Bearhawk Aircraft Bearhawk Tailwheels LLC Eric Newton's Builder Manuals Bearhawk Plans Bearhawk Store

Announcement

Collapse
No announcement yet.

Spar web forming

Collapse
X
 
  • Filter
  • Time
  • Show
Clear All
new posts

  • Spar web forming

    It's been a while since I've posted, but I've lurked plenty, and appreciate all the great advice here. I've made good progress on my rib forming (COVID-19 has kept me from traveling for work, which means more shop time!), and I'm about to need to think about what to do next! My plan is to start on the spars next, starting with the aileron. I'm undecided about building my own bending brake - I've found some plans on this site - but I do know that finding a 9-ft brake in my local area will be tough (the longest spar web on the model B is the flap spar).

    But, before I get started, I just thought I'd confirm... there is no practical way to bend the spar webs such that the bends are 90 degrees to the grain, yes? I've been getting my aluminum in rolls from Spruce, and have thus far been getting 4x4 ft rolls (easier to handle that size when making rough cuts with my bandsaw for the ribs). It looks like I now need to order a 4x12 roll or two of 0.032" for my spar webs, and I'm assuming that the grain will be aligned with the long dimension (12'). Is best practice here to just give a generous bend radius?

    While we're on the topic, any other good tips for spar web forming? (I already know one... order webs from Bearhawk Aircraft... I thought about it but would like to try bending my own at first.)
    4-Place Model 'B' Serial 1529B (with many years to go...)

  • #2
    I found a shop in Indy that had a press brake long enough to bent my spar webs. I made a drawing of what I needed and they produced all the webs. It was not all that expensive and the spars were very accurate.

    At one time I had an 8 foot bending brake and while it was a good quality, it was no match for a proper press brake. One big advantage for a press brake is the accuracy of the radius of the bend.

    The spar is the foundation of the wing so get the best job possible on that part..

    Comment


    • #3
      Yes, the bend axis is paralell to the grain of the material. I measured a factory main spar web and the inside radius measured 1/8". A false spar web, 1/8". A flap spar measured 3/32". I used a radius guage to measure the bends. A press brake is very repeatable and accurate. I highly recommend it.
      Gerry
      Patrol #30
      Last edited by geraldmorrissey; 06-18-2020, 09:59 PM.

      Comment


      • #4
        So how do you find people with brakes? There is a local A&P school here, but they don't have a press brake, they just have a leaf brake, from what I recall.They were my only lead thus far... they host the local EAA SportAir workshops when they come to town. The local machine shops seem to cater to the engine rebuilding crowd, not the build-your-own-airplane crowd. I was either going to try to cold call the A&P school (I took the EAA electrical, welding, and sheet metal classes there) or build my own brake. I'll admit the former seems cheaper and more reliable than the latter.

        My plan right now is to rough-cut the blanks with a circular saw and straightedge (or perhaps my bandsaw), and then finish cut with my router and a deburr of the edge. A shear would be nice, but again, that seems like I need a friend with a kick-@$$ machine shop. I had some good access to a great shop in Atlanta when I volunteered with the local CAF chapter back in grad school, but they're now about 600+ miles away. That said, it may be worth the road trip, I still have some street cred with them... and a trip there is probably more precise and less costly than building my own...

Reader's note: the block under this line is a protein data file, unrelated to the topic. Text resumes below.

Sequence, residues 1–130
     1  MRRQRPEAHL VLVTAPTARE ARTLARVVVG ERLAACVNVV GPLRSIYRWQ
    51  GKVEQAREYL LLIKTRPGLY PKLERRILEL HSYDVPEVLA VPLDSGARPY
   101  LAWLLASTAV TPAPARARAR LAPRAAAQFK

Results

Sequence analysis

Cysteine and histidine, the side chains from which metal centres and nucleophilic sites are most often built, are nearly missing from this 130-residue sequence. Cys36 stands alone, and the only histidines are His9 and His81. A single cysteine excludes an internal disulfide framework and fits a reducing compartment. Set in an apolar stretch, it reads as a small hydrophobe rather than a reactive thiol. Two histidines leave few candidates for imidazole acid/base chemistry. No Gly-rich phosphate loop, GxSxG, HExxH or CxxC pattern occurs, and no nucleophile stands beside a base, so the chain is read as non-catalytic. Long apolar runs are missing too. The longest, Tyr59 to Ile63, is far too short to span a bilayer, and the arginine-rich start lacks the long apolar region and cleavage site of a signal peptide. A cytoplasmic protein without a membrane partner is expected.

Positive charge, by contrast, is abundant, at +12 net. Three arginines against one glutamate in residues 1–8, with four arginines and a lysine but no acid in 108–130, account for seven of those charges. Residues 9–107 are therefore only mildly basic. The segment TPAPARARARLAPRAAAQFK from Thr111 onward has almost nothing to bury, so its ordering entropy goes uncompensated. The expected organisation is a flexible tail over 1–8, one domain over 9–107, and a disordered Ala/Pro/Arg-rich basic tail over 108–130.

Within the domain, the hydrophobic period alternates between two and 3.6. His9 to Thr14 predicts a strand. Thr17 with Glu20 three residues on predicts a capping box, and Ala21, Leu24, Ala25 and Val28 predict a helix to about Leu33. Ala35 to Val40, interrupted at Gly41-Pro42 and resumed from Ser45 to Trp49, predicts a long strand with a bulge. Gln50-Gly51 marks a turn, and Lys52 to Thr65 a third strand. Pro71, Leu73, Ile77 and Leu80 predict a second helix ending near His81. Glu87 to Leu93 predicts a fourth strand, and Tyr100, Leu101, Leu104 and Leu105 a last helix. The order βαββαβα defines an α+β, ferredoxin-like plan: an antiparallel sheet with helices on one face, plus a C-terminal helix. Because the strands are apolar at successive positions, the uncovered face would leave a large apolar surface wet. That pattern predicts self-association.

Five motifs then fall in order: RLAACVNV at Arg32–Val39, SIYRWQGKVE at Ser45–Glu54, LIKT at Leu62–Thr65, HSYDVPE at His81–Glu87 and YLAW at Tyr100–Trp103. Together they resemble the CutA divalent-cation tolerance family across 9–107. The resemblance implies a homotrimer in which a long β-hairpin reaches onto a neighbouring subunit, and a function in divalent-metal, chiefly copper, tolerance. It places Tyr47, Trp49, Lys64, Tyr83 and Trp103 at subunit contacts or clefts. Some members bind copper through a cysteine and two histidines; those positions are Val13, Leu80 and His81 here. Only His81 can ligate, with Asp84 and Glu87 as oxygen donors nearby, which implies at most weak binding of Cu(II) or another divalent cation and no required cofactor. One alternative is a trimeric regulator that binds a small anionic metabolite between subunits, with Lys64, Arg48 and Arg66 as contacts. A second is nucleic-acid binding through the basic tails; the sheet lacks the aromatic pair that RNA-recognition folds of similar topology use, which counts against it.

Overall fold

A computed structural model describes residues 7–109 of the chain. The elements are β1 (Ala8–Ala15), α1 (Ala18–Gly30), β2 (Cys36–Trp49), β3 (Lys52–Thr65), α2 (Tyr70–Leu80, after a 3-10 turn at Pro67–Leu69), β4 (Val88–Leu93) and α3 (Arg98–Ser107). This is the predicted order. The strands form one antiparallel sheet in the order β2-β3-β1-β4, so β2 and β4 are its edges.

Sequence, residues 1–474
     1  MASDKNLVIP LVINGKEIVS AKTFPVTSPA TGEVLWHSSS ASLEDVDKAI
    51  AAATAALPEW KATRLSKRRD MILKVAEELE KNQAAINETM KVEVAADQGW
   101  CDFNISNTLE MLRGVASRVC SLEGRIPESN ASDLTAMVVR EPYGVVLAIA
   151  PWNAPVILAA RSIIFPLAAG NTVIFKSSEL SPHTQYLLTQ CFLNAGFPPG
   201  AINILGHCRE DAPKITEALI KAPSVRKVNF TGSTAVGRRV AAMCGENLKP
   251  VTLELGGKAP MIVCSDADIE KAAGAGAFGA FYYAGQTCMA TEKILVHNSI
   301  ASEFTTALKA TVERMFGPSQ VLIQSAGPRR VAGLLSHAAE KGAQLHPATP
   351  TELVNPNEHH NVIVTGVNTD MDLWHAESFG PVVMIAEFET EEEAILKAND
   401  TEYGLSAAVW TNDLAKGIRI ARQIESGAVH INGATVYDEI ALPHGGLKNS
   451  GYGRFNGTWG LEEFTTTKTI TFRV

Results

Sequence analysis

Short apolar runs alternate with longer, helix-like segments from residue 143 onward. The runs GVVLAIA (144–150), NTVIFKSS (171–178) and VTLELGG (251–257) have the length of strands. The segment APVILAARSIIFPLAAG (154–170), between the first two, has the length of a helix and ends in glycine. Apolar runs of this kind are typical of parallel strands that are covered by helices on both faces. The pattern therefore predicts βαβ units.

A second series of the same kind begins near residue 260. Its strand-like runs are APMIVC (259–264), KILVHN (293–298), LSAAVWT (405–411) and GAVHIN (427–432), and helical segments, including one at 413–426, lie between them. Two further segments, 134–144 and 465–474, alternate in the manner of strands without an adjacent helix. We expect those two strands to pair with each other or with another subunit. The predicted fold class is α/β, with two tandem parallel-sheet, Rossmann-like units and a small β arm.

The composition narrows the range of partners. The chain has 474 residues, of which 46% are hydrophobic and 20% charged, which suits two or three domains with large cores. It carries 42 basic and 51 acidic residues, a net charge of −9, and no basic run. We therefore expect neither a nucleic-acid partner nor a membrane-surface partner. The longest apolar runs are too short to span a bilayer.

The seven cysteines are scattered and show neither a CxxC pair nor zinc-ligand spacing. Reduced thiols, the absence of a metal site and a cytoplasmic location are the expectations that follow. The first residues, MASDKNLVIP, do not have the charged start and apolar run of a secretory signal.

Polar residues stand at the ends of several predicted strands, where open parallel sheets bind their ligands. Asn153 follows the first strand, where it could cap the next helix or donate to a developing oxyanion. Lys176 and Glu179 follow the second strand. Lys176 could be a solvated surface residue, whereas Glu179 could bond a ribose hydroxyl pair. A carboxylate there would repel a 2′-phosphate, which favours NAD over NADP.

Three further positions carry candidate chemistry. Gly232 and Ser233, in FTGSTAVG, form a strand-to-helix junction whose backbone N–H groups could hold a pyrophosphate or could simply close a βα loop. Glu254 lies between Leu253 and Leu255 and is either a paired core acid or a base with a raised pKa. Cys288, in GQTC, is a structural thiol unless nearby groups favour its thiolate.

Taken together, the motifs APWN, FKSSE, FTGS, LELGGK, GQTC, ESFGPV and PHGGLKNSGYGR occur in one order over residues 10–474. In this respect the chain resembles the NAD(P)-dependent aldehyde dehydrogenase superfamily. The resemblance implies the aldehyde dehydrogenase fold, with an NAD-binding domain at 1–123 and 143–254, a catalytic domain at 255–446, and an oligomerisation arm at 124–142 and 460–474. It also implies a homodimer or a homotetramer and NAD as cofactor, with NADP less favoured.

4-Place Model 'B' Serial 1529B (with many years to go...)

        Comment


        • #5
          If you can get access to a shear and a press brake, load up and go. ROADTRIP. Go alone, you can sleep in the truck and save money. Think of the time you will spend screwing around just cutting the blanks plus the cost of any scrap you produce and compare that with a couple of days of sitting on your ass driving. Plus your parts will look professional and fit your ribs. Its just part if the adventure of scratchbuilding. There's plenty of plane left for you to build.
          Gerry
          Patrol #30

          Comment


          • #6
            Have you already ruled out getting the spar webs pre-bent from the factory? They are sounding cheaper and cheaper as the thread progresses.

            Comment


            • Russellmn
              Russellmn commented
              Editing a comment
              That's what I did, bought the Rib and Spar package. I think I saved about 6 months to a year of work doing it that way...

          • #7
            Heh. Yeah, I brought up the idea today with my wife. She has friends in Atlanta, so maybe we just call it a family road trip! Plus, the CAF unit that I volunteered with is in Peachtree City, which happens to be the location of Aircraft Spruce East, so I could even save on shipping! (So much for that being a cheap trip... I can see loading up on lots of goodies!)

            I've thought of the factory spar webs, and not just because of the ease and reasonable price, but also because the spars are such a critical part of the wing. However, I'm a bit wary, since I'm forming my own ribs, and I don't know how well the factory webs will fit to my ribs. Anyone have experience with matching the factory spar webs and homebuilt ribs? I think my ribs are fairly consistent, but I can imagine an overzealous pass with the sander on my original formblock may be enough to cause some fitment issues with the factory spar webs and my homebrew ribs. It's probably able to be solved with a joggle, but I'd be disappointed if I found that my hundred-odd ribs I've spent the last year forming don't fit my spar webs. That, and... I like building stuff. There is an intangible benefit to me associated with doing it myself, even if it ends up costing more or taking more time. I'm really enjoying this journey (okay, I've had a few moments of doubt!), and I'm looking forward to learning the next skill.